ACW is proud that The Anne LaBastille Memorial Writing Residency is entering its tenth year. We’re thrilled to share this milestone with six writers who, out of a pool of hundreds of applicants, wowed our judges with their work this summer. Congratulations to the three “Adirondack Region” residents and the three residents from across the US who will join us for two weeks this fall on Twitchell Lake.
Alejandro de la Garza – Fiction – Brooklyn, NY
Alejandro de la Garza is a staff writer covering climate change for TIME Magazine, where he has written features on topics ranging from US military emissions to the 2022 Jackson, Mississippi water crisis. He grew up in Westchester, New York and graduated magna cum laude from Princeton University in 2018, where he studied English and earned the Charles William Kennedy Prize for his creative nonfiction thesis about a school for English teachers in Hunan, China.
Mary Sanders Shartle – Fiction – Greenfield Center, NY
Mary Sanders Shartle’s novel, The Truth and Legend of Lily Martindale (2014 SUNY Press), won Indie Fab silver for fiction, IPPY gold for best book of fiction in the Northeast US in 2015 among other awards, and it remains a regional book club request. Shartle received a NYSCA individual artist grant (2008) to complete the book. In November, 2022, her story “The Wives of Immanuel Kant” was published with Hamilton-Stone Review, and “Ave Fit Ex Eva” in JMWW in April, 2023. In 2020 she was one of the poets represented in the Adirondack Center for Writing “Raining Poetry Project.” She is an instructor for the popular Anne LaBastille Women’s Writing Weekend at Great Camp Sagamore in Raquette Lake, NY.
Austin Rodenbiker – Poetry – Rockland, ME
Austin Rodenbiker’s recent work has appeared or is forthcoming in Poetry, Tin House, Pleiades, The Cortland Review, The Columbia Review, and Foglifter, among other publications. He holds an MFA from the New Writers Project. He’s received support for his poetry from ONE Archives, Sewanee Writers’ Conference, and Fire Island Artist Residency.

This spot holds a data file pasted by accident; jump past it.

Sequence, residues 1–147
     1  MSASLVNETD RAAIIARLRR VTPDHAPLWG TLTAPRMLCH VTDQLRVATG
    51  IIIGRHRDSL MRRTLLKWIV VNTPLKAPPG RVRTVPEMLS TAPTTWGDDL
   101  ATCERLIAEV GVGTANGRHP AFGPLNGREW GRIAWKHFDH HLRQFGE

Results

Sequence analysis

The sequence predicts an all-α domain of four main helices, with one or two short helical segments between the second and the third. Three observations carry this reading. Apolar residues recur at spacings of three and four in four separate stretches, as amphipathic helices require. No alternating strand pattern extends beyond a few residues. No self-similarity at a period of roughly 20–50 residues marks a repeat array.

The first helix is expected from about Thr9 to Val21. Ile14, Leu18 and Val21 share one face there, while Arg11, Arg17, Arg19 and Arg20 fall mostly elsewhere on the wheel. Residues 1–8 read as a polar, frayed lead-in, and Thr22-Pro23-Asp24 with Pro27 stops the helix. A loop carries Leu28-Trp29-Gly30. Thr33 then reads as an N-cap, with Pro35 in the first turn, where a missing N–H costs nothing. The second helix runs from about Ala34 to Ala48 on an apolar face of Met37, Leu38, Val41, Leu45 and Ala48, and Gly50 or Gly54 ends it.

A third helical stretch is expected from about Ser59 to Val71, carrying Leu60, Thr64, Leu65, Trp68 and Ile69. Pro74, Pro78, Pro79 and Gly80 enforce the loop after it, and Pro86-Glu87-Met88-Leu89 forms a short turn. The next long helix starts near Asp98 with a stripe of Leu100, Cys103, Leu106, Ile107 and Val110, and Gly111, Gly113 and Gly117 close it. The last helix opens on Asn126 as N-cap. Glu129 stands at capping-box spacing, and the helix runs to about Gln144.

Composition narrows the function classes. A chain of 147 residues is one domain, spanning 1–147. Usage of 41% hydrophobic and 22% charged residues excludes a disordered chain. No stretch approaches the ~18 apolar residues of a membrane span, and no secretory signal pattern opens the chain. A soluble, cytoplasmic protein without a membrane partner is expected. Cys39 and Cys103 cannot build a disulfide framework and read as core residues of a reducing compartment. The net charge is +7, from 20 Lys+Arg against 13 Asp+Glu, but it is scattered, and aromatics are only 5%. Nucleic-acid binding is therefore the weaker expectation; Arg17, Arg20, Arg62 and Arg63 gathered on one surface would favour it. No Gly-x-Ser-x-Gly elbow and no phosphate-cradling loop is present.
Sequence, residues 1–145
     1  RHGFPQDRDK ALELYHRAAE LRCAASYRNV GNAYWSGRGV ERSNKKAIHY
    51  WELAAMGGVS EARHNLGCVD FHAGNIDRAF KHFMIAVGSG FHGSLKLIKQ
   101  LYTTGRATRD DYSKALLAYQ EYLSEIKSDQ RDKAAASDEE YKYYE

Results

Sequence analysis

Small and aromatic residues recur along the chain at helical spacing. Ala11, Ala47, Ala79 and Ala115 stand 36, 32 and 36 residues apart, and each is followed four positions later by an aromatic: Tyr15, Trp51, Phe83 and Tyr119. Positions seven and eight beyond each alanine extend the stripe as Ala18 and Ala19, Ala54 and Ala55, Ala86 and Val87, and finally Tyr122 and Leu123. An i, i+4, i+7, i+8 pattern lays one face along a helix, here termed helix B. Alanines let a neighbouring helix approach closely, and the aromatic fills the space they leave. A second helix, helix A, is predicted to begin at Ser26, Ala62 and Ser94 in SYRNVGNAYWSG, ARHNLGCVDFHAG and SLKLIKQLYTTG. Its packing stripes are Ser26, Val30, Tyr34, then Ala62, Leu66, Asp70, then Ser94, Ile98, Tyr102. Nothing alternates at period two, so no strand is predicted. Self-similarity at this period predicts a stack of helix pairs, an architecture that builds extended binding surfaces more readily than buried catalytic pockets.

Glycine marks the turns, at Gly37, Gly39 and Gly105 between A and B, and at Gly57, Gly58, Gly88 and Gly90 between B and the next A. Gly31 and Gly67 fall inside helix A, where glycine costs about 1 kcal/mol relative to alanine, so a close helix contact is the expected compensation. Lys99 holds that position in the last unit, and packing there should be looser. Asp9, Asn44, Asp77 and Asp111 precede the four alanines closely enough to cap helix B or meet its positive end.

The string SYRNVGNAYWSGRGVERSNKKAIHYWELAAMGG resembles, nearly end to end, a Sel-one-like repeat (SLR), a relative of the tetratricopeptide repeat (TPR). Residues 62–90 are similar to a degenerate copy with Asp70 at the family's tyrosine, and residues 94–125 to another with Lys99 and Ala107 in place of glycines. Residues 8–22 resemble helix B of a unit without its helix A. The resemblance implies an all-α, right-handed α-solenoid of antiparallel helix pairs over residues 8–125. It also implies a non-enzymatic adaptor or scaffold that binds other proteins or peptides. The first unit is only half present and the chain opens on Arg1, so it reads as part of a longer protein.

Sophie Morelli – Poetry – Lake Placid, NY
Sophie Morelli holds two degrees from SUNY Potsdam, a Bachelor’s in English and a Master’s in English Education. She is currently serving as the director of the Lake Placid History Museum, where she uses her time during board meetings to write poems. A writer is the only thing she has ever wanted to be, and she is slowly chipping away at that goal. She enjoys historical fiction, trashy reality TV, and loud women.
Surya Milner – Nonfiction – Chicago, IL
Surya Milner is a writer based in Chicago, Illinois, where she is an MFA+MA candidate in Northwestern University’s Litowitz Program. She has published works of creative nonfiction and journalism in High Country News, Catapult, The Willowherb Review, The Audacity, and elsewhere; her work interrogates the boundaries of nationhood, class, and race in the American West and is centrally inspired by her experiences as an Indian American woman in this landscape. She has taught writing and literature in Morocco, Maine, and Chicago.
Michael Crane – Nonfiction – Port Henry, NY
Mike Crane is an environmental economist who spent a head-knocking career trying to convince politicians and businesses that protecting the environment improves their bottom line. Armed with the tools of economic logic, he traveled through the North County, and New England, then North America and Africa, and then the Middle East and Asia, and then the Islands of the South Pacific on a futile journey to find the rational “economic man” as promised by Adam Smith. He discovered that this elusive character was a prisoner of theory. In its place were belief, hope, greed, passion, power, fear, and love. In its place, he found life itself. From the shores of Port Henry to the ports of Port Moresby, he knocked on doors, looked strangers in the eye, and filled his suitcase with life lessons. His journey only fueled more questions into a self-reinforcing upward cycle that nurtured an insatiable curiosity about our communal and temporary miracle called humanity. Now it is time to unpack that suitcase and make sense of it all.